Good Bye Silk Road 2.0, There’s Already a Silk Road 3.0

Silk Road 3.0, a new version of the seized black market site, was reloaded following the closure of Silk Road 2.0.

Photo: Screenshot by Egor Pavlovich/Coinspeaker

Photo: Screenshot by Egor Pavlovich/Coinspeaker

On Wednesday, the FBI closed Silk Road 2.0 and arrested Blake Benthall, who was accused of running the anonymous website. According to the prosecutors, Benthall confirmed operating the marketplace after the arrest.

Silk Road 2.0 is the second version of the site, which was launched weeks after the original Silk Road was closed on October 2, 2013.

Just  after the shutdown of Silk Road 2.0, the new version of the website, Silk Road 3.0, appeared on the Internet.

Silk Road 3.0 is accessible only through the anonymous TOR network, which is linked via special browsers that encrypt internet traffic. There is a number of other websites on the TOR network that are open for drug purchases.

The web creates new challenges for law enforcement agencies that deal with illegal drug trafficking. Silk Road is not visible through popular search sites. Furthermore, instead of cash, the buyers use virtual currencies, mostly bitcoin, which are impossible to trace.

“As long as the dark web exists, there will always be people who set up places to engage in wrongdoing,” commented the US defence attorney Joseph DeMarco.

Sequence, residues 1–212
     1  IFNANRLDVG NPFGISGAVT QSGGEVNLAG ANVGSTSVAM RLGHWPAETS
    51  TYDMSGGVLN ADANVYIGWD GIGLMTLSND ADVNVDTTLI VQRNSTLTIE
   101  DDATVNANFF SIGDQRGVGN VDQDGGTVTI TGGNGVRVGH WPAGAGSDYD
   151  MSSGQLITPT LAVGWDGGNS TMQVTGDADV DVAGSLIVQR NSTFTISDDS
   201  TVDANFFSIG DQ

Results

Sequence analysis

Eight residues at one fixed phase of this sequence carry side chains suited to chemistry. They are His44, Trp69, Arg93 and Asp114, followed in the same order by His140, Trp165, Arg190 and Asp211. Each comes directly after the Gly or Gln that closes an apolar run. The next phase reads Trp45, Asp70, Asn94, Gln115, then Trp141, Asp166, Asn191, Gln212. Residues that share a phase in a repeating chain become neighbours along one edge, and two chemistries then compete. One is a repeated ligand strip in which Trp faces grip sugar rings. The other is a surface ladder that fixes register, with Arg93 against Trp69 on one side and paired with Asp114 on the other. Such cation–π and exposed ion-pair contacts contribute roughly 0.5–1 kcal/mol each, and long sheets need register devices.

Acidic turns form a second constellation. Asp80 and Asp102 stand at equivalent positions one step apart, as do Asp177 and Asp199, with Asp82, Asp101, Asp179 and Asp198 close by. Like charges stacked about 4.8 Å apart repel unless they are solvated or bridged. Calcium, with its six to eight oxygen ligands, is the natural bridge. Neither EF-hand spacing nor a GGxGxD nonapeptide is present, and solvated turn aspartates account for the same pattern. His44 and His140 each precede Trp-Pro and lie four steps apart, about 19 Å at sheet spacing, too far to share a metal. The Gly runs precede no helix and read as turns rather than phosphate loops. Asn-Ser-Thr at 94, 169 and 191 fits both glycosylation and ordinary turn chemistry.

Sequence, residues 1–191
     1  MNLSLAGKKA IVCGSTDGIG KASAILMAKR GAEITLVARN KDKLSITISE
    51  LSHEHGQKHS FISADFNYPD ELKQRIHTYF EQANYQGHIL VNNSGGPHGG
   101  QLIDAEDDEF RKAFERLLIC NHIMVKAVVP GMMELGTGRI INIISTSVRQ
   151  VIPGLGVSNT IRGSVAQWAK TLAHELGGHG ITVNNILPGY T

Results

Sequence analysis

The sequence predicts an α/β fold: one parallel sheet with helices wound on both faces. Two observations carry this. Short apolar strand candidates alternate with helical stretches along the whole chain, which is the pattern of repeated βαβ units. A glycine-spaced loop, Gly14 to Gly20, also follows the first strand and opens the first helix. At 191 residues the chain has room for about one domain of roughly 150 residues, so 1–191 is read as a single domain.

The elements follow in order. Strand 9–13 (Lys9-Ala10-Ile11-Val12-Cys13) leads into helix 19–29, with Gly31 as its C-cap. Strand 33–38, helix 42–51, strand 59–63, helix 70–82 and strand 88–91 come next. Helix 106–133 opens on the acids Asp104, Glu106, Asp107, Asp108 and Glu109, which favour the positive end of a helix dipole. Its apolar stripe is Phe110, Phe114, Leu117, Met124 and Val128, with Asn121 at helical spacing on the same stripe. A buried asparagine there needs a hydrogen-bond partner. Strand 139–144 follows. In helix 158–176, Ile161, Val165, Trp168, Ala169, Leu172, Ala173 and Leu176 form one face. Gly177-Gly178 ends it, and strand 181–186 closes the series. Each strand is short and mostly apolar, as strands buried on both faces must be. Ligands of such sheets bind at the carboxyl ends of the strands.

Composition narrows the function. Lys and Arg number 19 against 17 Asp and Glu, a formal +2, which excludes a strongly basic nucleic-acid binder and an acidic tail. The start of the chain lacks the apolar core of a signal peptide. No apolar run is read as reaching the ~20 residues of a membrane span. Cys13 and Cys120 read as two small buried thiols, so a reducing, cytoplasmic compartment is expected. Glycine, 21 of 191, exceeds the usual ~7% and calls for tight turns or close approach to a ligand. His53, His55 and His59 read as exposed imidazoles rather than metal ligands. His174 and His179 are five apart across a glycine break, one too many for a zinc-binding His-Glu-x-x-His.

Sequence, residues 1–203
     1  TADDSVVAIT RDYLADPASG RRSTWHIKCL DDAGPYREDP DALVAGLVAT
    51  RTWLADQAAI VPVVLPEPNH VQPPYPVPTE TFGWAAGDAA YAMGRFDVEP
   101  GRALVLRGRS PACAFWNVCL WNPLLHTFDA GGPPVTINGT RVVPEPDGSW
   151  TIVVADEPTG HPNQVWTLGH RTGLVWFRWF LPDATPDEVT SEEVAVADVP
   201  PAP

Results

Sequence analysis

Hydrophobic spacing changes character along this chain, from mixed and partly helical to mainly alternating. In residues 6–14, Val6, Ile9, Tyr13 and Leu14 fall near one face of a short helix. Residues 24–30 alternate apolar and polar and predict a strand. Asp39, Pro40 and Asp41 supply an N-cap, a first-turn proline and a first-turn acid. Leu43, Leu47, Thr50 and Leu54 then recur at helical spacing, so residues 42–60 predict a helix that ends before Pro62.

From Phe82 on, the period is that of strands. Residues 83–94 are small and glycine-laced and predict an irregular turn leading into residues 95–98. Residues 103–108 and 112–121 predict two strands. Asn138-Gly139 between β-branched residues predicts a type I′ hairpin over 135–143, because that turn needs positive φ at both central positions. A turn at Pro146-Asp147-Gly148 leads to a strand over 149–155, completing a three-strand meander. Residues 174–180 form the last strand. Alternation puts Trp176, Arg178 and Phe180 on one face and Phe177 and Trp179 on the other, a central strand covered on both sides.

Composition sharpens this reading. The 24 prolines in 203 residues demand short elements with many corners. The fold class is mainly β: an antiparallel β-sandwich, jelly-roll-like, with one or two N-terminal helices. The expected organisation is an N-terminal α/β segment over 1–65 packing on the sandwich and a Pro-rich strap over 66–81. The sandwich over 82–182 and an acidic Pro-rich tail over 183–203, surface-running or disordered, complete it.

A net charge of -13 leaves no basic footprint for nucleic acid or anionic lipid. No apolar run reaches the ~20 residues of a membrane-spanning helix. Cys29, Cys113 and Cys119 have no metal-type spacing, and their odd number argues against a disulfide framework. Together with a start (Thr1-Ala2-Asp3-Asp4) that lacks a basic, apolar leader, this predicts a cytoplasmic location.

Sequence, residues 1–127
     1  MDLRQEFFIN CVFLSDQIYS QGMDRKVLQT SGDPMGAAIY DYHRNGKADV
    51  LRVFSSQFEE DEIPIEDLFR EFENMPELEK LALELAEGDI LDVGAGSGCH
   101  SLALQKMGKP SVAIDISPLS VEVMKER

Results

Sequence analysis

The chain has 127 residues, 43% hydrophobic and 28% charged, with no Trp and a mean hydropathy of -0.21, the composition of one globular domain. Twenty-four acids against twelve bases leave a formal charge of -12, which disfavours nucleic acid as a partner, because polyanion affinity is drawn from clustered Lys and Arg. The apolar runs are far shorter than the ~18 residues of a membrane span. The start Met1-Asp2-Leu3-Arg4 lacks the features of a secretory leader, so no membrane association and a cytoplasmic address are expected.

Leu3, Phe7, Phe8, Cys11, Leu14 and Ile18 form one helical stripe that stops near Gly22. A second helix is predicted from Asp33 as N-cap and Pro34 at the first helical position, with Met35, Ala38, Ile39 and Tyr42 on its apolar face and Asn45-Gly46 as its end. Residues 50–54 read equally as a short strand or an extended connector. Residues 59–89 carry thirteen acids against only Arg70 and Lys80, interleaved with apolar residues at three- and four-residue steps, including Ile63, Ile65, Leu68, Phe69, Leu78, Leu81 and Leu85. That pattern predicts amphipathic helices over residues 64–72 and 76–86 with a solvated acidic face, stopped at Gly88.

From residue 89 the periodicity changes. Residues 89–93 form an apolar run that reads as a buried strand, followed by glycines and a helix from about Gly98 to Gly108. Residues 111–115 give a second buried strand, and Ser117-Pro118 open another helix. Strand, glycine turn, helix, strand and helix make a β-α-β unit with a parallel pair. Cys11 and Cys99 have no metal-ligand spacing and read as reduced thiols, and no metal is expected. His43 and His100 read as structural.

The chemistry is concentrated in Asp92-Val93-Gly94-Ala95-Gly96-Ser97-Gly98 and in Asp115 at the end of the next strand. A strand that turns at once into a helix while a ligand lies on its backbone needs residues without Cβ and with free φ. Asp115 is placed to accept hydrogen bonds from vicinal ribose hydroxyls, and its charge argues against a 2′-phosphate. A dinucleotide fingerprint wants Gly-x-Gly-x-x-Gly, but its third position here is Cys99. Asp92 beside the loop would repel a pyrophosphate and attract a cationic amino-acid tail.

He doesn’t think there would be one solution of how to stop illegal activity on the TOR network. “There will always be an arms race between the bad guys and law enforcement,” DeMarco added.

The TOR network developers say it’s a way to protect the privacy of its online users. Moreover, none of TOR websites will appear in Google search.

One of the network creators, Roger Dingledine, said: “TOR was created to protect people’s privacy and anonymity, and we don’t condone its use for these illegal activities.”

However, the network is also a place of illegal activity, including drugs and arms trafficking.

The US Attorney Preet Bharara said: “Let’s be clear – this Silk Road, in whatever form, is the road to prison. Those looking to follow in the footsteps of alleged cybercriminals should understand that we will return as many times as necessary to shut down noxious online criminal bazaars. We don’t get tired.”

Besides Silk Road, the authorities have closed other virtual marketplaces, such as Pandora, Hydra, Cloud Nine and Blue Sky.

The FBI seized $100,000 in cash from Benthall’s apartments in San Francisco and alleged that monthly sales accounted for $8 million.

Under the official estimates, the original Silk Road conducted $1 billion in sales and included more than 100,000 users.

Many people are still offering their items on the new Silk Road. As of Friday morning, there were around 250 listings for illegal or prescription drugs.

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